23 Nov Hot Dental Offices in the Winter – Compressor and Vacuum Care

Maintain or Repair/Replace – How to keep your office running nice and HOT!

Thanksgiving is a time where we give thanks to family, friends and good health, but do any of us give thanks to a working dental office? For a dental practice owner, a well running office is a product of organization and preventive care; just like preventative dental care for your patients. Your dental office runs well when your equipment, staff, and patients work. With proper planning your dental compressor, vacuum, and x-ray will never breakdown. With capital equipment there are many steps you can take to reduce the chance of failure or issues. With minimal downtime, your dental practice is ready for production.

Dental Compressors
There are two main types of compressors, oiled and oiless. If you have an oiled compressor, the oil needs to be changed regularly and you should have minimal issues. In general, we recommend changing the oil atleast once a year. At the cost of ~$100, you can have peace of mind that your compressor will run smoothly. Although oiless compressors do not require oil changes, we generally see usage time of 4-5 years before they need to be replaced. Other items to check or replace on your dental compressor are the coalescent filter and the air desiccant. These items ensure your compressor does not have water buildup in the tank which can contaminate the lines. You will notice issues with your handpieces among other things. To ensure your compressor does not have water build up, we recommend changing the desiccant and coalescent filter once a year. If you have noticeable water build up in your tank, you can use the purge valve on the compressor itself to remove the water from the tank. Maintenance or replacement is generally recommended, but this will get you through the day.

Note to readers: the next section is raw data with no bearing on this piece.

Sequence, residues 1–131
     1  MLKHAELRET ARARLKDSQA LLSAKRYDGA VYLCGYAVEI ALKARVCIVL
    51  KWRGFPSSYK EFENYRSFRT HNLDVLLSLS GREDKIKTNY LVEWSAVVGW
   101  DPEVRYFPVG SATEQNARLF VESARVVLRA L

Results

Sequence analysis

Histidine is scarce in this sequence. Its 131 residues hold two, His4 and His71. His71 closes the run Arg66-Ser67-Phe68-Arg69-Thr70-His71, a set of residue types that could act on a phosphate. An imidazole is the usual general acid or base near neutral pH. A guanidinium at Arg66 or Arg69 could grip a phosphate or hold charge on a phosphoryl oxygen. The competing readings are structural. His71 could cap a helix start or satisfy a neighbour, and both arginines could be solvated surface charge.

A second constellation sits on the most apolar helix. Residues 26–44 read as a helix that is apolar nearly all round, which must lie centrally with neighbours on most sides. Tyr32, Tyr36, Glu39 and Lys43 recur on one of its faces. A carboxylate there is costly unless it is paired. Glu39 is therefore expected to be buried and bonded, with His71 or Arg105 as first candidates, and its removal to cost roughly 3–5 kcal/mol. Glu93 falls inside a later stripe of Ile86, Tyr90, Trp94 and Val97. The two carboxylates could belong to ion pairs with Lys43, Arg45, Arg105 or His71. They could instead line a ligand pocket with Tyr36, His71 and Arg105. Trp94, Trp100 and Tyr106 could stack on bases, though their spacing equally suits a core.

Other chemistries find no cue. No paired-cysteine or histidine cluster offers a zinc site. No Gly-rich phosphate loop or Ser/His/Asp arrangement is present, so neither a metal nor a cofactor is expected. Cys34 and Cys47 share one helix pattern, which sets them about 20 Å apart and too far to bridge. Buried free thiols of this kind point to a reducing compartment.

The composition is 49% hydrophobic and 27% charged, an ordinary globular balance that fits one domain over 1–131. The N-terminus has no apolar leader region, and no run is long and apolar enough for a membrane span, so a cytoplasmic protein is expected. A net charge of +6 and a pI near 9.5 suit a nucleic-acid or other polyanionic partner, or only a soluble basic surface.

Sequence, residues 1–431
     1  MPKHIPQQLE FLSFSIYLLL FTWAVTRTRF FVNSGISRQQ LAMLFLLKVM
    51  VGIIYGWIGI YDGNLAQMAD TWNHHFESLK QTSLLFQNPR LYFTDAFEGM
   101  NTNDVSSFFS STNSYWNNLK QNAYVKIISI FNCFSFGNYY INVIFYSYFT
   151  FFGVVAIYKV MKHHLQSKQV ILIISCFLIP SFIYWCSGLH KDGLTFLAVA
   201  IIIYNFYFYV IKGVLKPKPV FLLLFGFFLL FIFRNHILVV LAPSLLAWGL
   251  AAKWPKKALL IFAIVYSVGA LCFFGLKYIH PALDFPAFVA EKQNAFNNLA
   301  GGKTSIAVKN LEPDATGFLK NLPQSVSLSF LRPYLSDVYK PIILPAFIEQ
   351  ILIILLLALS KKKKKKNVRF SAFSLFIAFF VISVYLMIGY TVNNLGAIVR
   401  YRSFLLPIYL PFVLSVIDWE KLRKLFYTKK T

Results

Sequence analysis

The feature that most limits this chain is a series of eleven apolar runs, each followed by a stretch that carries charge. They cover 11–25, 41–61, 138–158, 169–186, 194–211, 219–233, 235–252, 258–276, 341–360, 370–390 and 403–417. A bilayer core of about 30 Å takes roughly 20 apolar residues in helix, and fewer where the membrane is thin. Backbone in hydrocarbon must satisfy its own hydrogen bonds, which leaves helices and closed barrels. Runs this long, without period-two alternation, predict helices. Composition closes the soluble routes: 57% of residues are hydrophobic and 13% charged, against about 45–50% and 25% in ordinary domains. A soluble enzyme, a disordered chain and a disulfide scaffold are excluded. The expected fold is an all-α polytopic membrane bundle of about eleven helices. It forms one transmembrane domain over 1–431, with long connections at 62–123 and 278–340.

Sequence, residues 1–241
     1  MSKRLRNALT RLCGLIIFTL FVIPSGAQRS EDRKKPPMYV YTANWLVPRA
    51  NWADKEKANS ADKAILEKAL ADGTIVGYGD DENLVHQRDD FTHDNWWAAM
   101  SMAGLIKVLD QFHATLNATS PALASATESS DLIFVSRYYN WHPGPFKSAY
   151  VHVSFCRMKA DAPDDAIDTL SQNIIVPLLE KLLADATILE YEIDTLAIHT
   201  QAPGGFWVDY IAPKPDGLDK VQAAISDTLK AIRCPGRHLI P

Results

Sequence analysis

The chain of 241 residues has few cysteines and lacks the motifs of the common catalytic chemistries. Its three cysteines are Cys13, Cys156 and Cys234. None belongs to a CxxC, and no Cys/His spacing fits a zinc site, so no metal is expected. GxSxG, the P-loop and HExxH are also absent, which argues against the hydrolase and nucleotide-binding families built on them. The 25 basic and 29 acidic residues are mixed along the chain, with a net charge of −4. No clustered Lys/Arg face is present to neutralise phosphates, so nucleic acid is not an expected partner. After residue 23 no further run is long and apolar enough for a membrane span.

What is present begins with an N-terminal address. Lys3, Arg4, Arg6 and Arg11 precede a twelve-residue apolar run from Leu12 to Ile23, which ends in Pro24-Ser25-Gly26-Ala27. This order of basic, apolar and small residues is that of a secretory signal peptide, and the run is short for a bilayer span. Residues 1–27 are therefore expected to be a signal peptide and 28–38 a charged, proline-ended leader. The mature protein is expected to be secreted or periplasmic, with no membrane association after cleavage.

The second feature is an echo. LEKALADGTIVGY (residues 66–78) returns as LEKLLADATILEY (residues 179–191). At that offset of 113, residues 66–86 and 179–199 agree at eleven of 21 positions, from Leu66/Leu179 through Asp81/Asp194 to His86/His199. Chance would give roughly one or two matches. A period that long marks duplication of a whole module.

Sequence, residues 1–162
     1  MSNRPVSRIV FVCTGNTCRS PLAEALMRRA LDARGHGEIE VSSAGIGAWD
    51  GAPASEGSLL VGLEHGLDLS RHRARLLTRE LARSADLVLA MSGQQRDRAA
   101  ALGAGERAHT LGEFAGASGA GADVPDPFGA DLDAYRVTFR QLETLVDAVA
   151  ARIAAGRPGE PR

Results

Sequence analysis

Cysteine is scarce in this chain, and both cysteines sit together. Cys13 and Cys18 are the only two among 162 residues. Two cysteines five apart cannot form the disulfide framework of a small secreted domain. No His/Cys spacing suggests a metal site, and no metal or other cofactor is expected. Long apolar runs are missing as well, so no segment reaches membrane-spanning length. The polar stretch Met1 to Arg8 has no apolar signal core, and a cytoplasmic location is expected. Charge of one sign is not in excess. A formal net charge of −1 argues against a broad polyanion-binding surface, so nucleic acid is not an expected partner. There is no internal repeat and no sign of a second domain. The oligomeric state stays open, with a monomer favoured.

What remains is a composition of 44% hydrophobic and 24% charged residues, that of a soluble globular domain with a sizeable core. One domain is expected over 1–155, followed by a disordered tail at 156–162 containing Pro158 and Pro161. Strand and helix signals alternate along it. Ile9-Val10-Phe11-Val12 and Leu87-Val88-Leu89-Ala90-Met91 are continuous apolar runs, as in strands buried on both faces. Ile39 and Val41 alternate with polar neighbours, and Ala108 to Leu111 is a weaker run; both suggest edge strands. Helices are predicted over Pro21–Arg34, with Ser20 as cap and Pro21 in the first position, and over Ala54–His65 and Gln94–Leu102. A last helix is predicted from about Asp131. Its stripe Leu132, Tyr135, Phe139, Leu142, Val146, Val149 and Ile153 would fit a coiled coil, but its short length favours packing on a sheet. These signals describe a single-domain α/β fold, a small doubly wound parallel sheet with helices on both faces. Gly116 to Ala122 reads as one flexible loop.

Dental Vacuum
Suction is a key factor in dental procedures and lack of suction is an issue. Dental Vacuums experience power loss through dirty traps, improper installation, or from age. Most dental offices routinely clean their lines with vacuum cleaner solution which is a great first step. Additional preventative maintenance is through changing the traps on each chair and the main trap on the vacuum pump. If you still are experiencing suction loss the worst case scenario is your motor dying. In the case of vacuums losing power over time you have the options for overhauling the motor, but with the price, time, and warranty costs, we recommend replacing with a new unit.

Unsure of what your office needs? Call us at 949-548-4559 or email us at info@dentalassets.com As a reminder, if you are interested in purchasing new capital equipment take advantage of Section 179 tax benefits!